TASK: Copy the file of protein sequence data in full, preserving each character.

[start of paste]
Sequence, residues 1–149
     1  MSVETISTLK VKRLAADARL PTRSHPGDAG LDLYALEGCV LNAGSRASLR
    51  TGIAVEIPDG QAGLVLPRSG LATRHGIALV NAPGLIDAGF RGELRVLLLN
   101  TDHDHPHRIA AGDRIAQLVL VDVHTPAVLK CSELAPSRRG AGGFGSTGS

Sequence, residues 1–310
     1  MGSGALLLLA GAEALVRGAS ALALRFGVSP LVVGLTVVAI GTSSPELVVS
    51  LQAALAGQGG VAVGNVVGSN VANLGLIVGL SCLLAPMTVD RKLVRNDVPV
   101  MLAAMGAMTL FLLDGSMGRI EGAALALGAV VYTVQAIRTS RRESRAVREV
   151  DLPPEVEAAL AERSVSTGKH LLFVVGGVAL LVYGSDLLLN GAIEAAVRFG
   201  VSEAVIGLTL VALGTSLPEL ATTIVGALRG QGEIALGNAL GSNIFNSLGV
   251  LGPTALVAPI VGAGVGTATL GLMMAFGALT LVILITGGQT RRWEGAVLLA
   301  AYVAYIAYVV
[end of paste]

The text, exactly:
Sequence, residues 1–149
     1  MSVETISTLK VKRLAADARL PTRSHPGDAG LDLYALEGCV LNAGSRASLR
    51  TGIAVEIPDG QAGLVLPRSG LATRHGIALV NAPGLIDAGF RGELRVLLLN
   101  TDHDHPHRIA AGDRIAQLVL VDVHTPAVLK CSELAPSRRG AGGFGSTGS

Sequence, residues 1–310
     1  MGSGALLLLA GAEALVRGAS ALALRFGVSP LVVGLTVVAI GTSSPELVVS
    51  LQAALAGQGG VAVGNVVGSN VANLGLIVGL SCLLAPMTVD RKLVRNDVPV
   101  MLAAMGAMTL FLLDGSMGRI EGAALALGAV VYTVQAIRTS RRESRAVREV
   151  DLPPEVEAAL AERSVSTGKH LLFVVGGVAL LVYGSDLLLN GAIEAAVRFG
   201  VSEAVIGLTL VALGTSLPEL ATTIVGALRG QGEIALGNAL GSNIFNSLGV
   251  LGPTALVAPI VGAGVGTATL GLMMAFGALT LVILITGGQT RRWEGAVLLA
   301  AYVAYIAYVV